Melancholic Beauty on the Silk Road Mountain Race
There’s a melancholic beauty to first times. It holds the excitement of the unknown, the nervous expectations of true adventure. With the inaugural Silk Road Mountain Race, race director Nelson Trees set out to create just that: a great adventure. ‘I wanted to create a race in an area that is close to my heart but is unknown to many. A little daunting, a bit out there. Something that any reasonably fit rider would be able to pull off but would also push contestants beyond their comfort zone.’ And that he did.
Twenty-nine riders out of the initial ninety-eight made it to the finish line of the inaugural Silk Road Mountain Race, which officially ended this Saturday night at 12pm. Although the number is definitely a bit distorted by the many who fell ill either through altitude sickness or food poisoning, it does state the obvious: It’s not an event to be taken on lightly. It might not be the Barkley marathons of cycling, but it turned out to be one hell of a tough race.
And yet, that’s the beauty of it. It’s the pivotal difference between your average challenge and a severe type-2 fun, or even life-altering experience. While the finishers came rolling in over the last few days, it became clear that many of them will be affected by this race for some time to come.
Daylong hike-a-bikes through wet marshlands, severe snowstorms against sweltering heat, sleeted bivvys, the quest for water and food; these stories have been part of everyone’s journey. But the personal experiences bring it to life: plucking feathers from a roadkill bird of prey, as the ultimate souvenir. Being welcomed into a local home and spending the night with fermented mare’s milk and google translate. Losing gear and nearly losing one’s sanity. Switching between bouts of delirious rants and supreme joy, triggered by low oxygen levels and long hours spent solo. Ending up with French milkmaid hallucinations. These are the kind of tales that will be etched on memories forever.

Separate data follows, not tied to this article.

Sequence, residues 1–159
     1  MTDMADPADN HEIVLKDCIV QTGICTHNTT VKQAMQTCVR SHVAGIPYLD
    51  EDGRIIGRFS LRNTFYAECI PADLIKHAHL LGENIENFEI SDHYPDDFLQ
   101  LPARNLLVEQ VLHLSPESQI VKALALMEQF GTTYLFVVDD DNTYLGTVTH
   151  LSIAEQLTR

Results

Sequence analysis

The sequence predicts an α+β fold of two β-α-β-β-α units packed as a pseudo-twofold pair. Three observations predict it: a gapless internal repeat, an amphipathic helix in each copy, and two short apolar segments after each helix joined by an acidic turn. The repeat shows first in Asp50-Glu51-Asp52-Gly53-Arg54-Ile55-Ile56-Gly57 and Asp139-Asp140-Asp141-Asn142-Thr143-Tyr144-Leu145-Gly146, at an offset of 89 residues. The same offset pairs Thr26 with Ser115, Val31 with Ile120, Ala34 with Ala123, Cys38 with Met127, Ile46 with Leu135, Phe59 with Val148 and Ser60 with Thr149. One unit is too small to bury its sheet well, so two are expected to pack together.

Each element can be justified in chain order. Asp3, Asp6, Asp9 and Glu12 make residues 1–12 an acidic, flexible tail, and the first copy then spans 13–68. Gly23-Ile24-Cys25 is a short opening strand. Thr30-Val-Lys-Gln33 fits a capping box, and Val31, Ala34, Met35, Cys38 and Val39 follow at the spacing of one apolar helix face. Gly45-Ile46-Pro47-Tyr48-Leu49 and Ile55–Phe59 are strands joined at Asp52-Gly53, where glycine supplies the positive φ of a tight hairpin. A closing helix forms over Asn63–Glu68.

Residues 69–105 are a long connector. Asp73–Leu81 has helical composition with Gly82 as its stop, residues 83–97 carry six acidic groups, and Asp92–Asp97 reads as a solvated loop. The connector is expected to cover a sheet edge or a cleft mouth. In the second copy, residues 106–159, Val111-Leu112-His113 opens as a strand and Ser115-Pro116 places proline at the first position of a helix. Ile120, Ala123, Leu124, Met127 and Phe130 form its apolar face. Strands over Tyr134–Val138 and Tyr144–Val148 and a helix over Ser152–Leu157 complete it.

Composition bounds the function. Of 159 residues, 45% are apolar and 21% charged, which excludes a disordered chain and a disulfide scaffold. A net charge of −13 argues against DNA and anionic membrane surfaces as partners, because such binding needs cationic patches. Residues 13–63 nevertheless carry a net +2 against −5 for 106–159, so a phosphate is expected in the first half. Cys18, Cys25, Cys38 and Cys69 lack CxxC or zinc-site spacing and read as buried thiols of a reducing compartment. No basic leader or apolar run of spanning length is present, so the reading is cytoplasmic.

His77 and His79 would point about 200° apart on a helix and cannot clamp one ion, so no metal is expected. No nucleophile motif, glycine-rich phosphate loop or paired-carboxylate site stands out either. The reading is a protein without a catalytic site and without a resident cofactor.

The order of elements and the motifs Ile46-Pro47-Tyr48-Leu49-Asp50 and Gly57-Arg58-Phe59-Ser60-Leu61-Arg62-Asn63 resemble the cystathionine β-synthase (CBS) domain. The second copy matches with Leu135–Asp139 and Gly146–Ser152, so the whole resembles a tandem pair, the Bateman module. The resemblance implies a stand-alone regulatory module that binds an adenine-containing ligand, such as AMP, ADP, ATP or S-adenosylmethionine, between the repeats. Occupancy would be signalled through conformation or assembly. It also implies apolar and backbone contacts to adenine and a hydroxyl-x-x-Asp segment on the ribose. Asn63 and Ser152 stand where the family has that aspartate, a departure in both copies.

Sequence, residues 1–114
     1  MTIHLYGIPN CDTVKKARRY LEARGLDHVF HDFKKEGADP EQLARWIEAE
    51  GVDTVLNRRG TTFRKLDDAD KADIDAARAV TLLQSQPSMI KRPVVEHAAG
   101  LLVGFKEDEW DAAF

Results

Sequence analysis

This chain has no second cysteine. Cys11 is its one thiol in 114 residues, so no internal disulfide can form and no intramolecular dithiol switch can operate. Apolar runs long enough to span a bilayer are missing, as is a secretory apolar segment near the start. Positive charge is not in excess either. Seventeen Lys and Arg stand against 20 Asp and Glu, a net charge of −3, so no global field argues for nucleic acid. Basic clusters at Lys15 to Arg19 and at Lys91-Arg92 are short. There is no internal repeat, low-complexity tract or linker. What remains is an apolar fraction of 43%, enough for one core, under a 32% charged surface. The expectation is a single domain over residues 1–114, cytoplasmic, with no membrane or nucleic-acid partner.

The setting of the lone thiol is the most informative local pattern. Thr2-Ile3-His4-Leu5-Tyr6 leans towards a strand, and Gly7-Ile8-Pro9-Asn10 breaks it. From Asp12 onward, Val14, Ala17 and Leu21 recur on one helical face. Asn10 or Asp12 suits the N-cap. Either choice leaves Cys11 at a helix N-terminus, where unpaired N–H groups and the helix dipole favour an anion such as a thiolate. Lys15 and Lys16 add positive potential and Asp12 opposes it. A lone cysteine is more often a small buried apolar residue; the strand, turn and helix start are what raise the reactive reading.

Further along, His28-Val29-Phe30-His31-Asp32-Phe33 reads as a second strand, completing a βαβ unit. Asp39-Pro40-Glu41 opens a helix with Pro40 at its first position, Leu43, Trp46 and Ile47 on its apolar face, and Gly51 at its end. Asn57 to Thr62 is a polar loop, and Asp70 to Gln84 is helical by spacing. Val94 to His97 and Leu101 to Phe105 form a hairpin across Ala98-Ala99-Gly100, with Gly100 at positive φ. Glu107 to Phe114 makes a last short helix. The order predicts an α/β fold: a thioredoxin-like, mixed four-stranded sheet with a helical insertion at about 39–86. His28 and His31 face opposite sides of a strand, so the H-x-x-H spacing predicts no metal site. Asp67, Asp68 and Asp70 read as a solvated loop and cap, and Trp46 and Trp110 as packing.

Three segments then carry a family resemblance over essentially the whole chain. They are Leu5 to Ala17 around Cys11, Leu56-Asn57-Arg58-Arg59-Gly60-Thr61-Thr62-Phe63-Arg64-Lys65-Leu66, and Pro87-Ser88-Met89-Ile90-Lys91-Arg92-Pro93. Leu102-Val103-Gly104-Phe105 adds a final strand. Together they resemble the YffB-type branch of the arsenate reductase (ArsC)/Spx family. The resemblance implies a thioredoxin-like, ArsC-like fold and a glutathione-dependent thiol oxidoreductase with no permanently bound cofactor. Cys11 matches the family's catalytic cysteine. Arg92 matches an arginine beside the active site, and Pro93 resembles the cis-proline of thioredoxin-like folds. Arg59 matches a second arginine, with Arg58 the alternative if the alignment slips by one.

But other than creating a unique ultra-cycling event, the Silk Road Mountain Race also presented a little-known country in all its glory. Kyrgyzstan’s historical significance, its vastness and remoteness, the nomadic lifestyle of its people in this harsh yet magnificent landscape: it’s the country itself that gives the Silk Road Mountain Race its mystical appeal.
It’s the ultimate lure for those of us yearning to escape the always-on era we are living in. Frontier life on a bike, for two glorious weeks. Or a bit less, when you’re Jay Petervary or Levente Bagoly.
For Nelson Trees it will be time to reflect on his own great adventure: being a first-time race director. ‘It was definitely a lot of pressure. It’s a tricky balance: we made it very clear that it’s an unsupported race and people need to be prepared for that and take responsibility. But at the same time, you are the one sending them on their path. And it being a race makes people sometimes push further, as they want to do well. But for everyone I got to talk to at the checkpoints and finish line the race means something very special to them. I am proud of that. I am also proud people really discovered this beautiful country.’
Will there be a next one? There likely will be. It will be equally fun, magnificent and testing. It will be tough and might even get tougher. But knowing others have managed to crack it, being able to read about their experiences and learn from their mistakes, makes it a different ballgame altogether.
As humans, we always push to go where no man has gone before. And if man already went, we will try to outdo him. Do it faster, bolder, better. It’s in our nature, it’s our human drive. And there’s beauty in that too. But that melancholic beauty of a first time will forever belong to this inaugural Silk Road Mountain Race, and to the misfits that were an indispensable part of it.